When you visit Nashville, your first stop is probably going to be Lower Broadway.
It’s that glorious strip of honky-tonks that welcomes you with live music from every window. And one of the first things you’ll notice (besides all of those fucking scooters zooming past you) is that you probably recognize some of the names hanging on neon signs in front of those bars. Country artists are opening their own bars on almost every corner of Broadway. Some of them are good, some of them are shit, and some are just generic bars that you could find pretty much anywhere else.
So which bars are worth checking out, which ones are just “meh,” and which ones should you skip altogether?
Here’s my definitive ranking of the artist-owned bars in downtown Nashville:
1. AJ’s Good Time Bar
The best bar comes from one of the best singers. I mean, would you honestly expect anything less from a legend like Alan Jackson? AJ’s Good Time Bar is a no-frills honky tonk where you’ll hear nothing but real country music. It’s the kind of bar that’s almost hard to find on Broadway these days. You won’t hear any shitty pop music, and definitely no Lil Nas X. And that’s not just my opinion: It’s Alan’s rule. Nothing but damn good country music at AJ’s. Oh, and there’s karaoke too (but don’t cuss on stage or you’ll get shut down by the DJ – not that I’m speaking from fucking experience or anything).
I knew I was going to like this place from the first time I walked in and heard the band playing Eric Church’s “Mr. Misunderstood.” Finally, somewhere that I won’t have to hear fucking Journey covers all night long.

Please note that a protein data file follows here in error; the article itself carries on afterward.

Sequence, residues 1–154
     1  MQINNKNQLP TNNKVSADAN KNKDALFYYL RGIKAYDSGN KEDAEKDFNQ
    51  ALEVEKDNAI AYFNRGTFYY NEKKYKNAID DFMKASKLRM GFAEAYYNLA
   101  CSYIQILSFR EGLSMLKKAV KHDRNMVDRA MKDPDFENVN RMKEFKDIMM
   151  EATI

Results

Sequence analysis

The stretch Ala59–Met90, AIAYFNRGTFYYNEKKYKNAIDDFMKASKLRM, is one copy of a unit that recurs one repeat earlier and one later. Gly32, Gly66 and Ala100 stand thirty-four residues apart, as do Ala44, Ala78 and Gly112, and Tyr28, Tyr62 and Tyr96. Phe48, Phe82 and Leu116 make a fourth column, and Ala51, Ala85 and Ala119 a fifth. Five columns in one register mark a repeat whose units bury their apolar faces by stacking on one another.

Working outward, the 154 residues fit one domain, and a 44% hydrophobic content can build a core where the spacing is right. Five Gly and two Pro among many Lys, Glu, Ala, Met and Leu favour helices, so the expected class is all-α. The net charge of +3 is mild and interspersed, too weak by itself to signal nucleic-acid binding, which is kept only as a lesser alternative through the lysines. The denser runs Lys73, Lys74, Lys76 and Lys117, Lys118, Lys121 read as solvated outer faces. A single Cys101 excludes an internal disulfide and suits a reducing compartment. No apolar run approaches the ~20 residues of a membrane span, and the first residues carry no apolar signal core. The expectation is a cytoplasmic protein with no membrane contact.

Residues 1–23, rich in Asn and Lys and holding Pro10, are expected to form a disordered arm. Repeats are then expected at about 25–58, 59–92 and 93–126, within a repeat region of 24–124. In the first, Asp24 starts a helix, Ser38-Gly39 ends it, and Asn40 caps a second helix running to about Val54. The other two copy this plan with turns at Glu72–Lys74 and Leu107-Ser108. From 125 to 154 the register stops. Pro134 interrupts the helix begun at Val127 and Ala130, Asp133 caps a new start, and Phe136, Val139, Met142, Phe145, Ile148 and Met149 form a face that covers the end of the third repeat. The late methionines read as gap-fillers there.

John Rich’s Redneck Riviera definitely lives up to its name. It’s nothing fancy – in fact, you’ll probably feel like you’re at a hole-in-the-wall dive bar, as opposed to the massive bars and cookie-cutter experiences you get at some of the other venues on this list. There’s a stage made out of an Airstream trailer, and a rooftop bar covered in Astroturf where you can play giant Jenga and cornhole (or “bags,” as some of you weird fucks like to call it). Oh, and American flags everywhere – because if there’s one thing John Rich loves more than his country music, it’s his country. Redneck Riviera is a great bar – unless you hate America and country music.
3. Kid Rock’s Big Ass Honky Tonk Rock ‘N Roll Steakhouse
It’s not the most country of the artist-owned bars, but it’s not the least country either. It IS the least family-friendly though – so if you’re offended by “Cadillac Pussy” signs and a logo featuring a woman’s ass, you should probably stay away from Kid Rock’s. It’s a little tacky, but what did you really expect from the guy who put a giant middle finger statue in front of his house? My favorite thing about Kid Rock’s is the variety of music that you’ll find here. On any given night, you may hear a rock band on one stage doing Metallica covers while the band upstairs sings “Dust on the Bottle.” It’s a good time, and one of the bars worth checking out – as long as you’re not easily offended.
4. Ole Red
The first time I walked into Ole Red I thought I was in a gift shop for Blake Shelton merchandise. The music’s pretty good here, and the dance floor on the first level is massive, but overall the bar is just kind of…generic. Yeah, they have food, but it’s still pretty shitty bar food. The one saving grace, though, is the rooftop bar. Every bar on Broadway has a rooftop these days, and Ole Red may just have the best rooftop of them all. Sure, there’s no live music, but there’s both indoor and outdoor seating, TVs for all of the sports fans, and there are even couches for when you’ve been drinking for too long and just want to relax. For the rooftop alone, Ole Red manages to jump ahead of some of the other bars on this list.